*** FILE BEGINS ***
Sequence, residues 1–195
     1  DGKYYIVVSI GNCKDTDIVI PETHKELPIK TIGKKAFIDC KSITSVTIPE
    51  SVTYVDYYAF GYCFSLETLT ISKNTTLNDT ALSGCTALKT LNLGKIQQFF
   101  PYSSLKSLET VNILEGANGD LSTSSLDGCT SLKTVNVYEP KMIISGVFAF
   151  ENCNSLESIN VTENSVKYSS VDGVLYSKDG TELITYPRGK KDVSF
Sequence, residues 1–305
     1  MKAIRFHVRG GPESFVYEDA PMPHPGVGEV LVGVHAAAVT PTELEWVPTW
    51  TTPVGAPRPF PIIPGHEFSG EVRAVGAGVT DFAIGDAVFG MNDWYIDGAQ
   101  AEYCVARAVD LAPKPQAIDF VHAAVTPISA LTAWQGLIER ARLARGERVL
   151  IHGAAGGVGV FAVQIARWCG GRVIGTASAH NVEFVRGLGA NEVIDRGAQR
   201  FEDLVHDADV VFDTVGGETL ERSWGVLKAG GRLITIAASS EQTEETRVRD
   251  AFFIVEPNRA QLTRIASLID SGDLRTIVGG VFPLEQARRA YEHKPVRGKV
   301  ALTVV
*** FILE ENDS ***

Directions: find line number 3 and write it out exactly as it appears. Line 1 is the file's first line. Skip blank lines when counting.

    51  SVTYVDYYAF GYCFSLETLT ISKNTTLNDT ALSGCTALKT LNLGKIQQFF